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In recent years, the postulation that deception is necessary for placebos to have an effect on pain relief or increased well-being has come into question. Latest studies have shown that an openly administered mock drug works just as well as a deceptively administered placebo on certain complaints. This open-label placebo effect has primarily been used in the area of pain treatment so far. This study is the first to examine the effect of such placebos on healthy individuals with the use of drinking water. In two experiments, participants were required to use certain specified water bottles for their daily drinking water consumption. At the beginning of Experiment 1, all participants (N = 68) received one bottle of water, which they were asked to refill themselves each day during a 2-week intervention period. In Experiment 2, participants (N = 75) received a new sealed water bottle every day. In both experiments, participants were randomly assigned to one of four groups: no treatment (control group CG), open-label placebo without rationale (OPR–), open-label placebo with rationale (OPR+), and open-label placebo with additional rationale in a suggested relaxed state (group OPR++). We conducted baseline and post-treatment measurements of the subjective perceived physical and mental well-being of the participants. In Experiment 1, only the OPR++ group reported enhanced vitality at the post-treatment level compared to the other groups. In Experiment 2, post-treatment measurements showed improvements for the OPR++ group in the Physical Performance Capability, Mental Performance Capability, Emotional Balance, Overall Recovery, Negative Emotional State, and Overall Stress categories compared to the other groups. Our results support the idea that placebos with an additional rationale in a suggestive relaxed state are more effective than with just a rationale in a normal state. Furthermore, our study shows the tendency that OLP++ in the form of water with health claims may be more effective when the water is given in several sealed bottles separately than in one sealed but refillable bottle.
... However, there appears to also be a somewhat equal number who did quite a bit worse on the second testing stage. Reasons for either the increase or decrease could be, for example, differing levels of motivation (Deci et al., 1999;Van Lange et al., 2011) or effects on cognition due to aspects such as testing on a different time of day (Wesensten et al., 1990), varying levels of fatigue (Kronholm et al., 2009) or even potentially prior levels of food/liquid intake (Adan, 2012). We also propose that possible different speeds of stimuli at test and re-test due to chance could have contributed. ...
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... Dehydration and/or hyperthermia-induced alterations in cerebral blood flow, 30,31 as well as, greater heat production in the brain can impair cognitive function, 31 motor-cognitive function, complex motor tasks, and promote psychological strain (e.g., increase thermal sensation, decrease thermal comfort). 17,[32][33][34] Research has suggested that brain activity under hyperthermia is altered through increases in brain catecholamines and an increase in the ratio between alpha and beta wave frequency. 31 These changes are linked to decrements in cognition, arousal, and perception of physical exertion, all of which can increase fatigue and result in reductions in working capacity. ...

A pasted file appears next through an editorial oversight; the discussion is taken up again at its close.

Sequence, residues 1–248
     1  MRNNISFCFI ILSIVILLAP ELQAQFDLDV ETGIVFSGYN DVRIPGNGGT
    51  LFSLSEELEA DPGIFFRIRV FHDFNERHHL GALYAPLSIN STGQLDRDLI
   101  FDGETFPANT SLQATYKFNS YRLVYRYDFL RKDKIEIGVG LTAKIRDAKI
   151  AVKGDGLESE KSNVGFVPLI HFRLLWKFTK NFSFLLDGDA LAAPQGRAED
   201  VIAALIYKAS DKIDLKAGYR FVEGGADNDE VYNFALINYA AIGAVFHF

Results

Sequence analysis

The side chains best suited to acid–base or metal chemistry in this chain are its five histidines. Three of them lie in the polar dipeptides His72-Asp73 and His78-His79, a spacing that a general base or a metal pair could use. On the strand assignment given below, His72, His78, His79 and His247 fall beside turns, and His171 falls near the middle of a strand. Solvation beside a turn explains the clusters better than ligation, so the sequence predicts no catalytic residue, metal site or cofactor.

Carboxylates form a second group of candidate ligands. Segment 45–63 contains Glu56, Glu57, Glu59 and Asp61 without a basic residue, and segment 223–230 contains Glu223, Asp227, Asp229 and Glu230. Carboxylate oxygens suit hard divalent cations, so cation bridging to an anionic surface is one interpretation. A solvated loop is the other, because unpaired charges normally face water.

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Heat stress is a growing concern in the occupational setting as it endangers worker health, safety, and productivity. Heat‐related reductions in physical work capacity and missed workdays directly and indirectly cause productivity losses and may substantially affect the economic wellbeing of the organization. This review highlights the physiological, physical, psychological, and financial harms of heat stress on worker productivity and proposes strategies to quantify heat‐related productivity losses. Heat stress produces a vicious‐cycle feedback loop that result in adverse outcomes on worker health, safety, and productivity. We propose a theoretical model for implementing an occupational heat safety plan that disrupts this loop, preventing heat‐related productivity losses while improving worker health and safety.
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Health and Self Care for Health Professionals explores the topics of Health, and of Self Care. It aims to provide information for readers to consider and debate - and if appropriate, apply to themselves or other situations Health is so often taken for granted. Furthermore, many people use Denial (I'm Fine) and Displacement (I'm too busy) to pay attention to their own needs - thus leading to the other D's of Distress, Despair, Disillusionment, Drink, Drugs or Depression. Much of this is avoidable is we remember to take care of and pay attention to our own health as Human Beings as well as Human Doings. Yet Health Professionals are taught a great deal about Illness (eg the results of car crashes) without learning about Health (how to prevent car crashes) This book aims to support those who wish to explore the topic. Good luck and Go Well!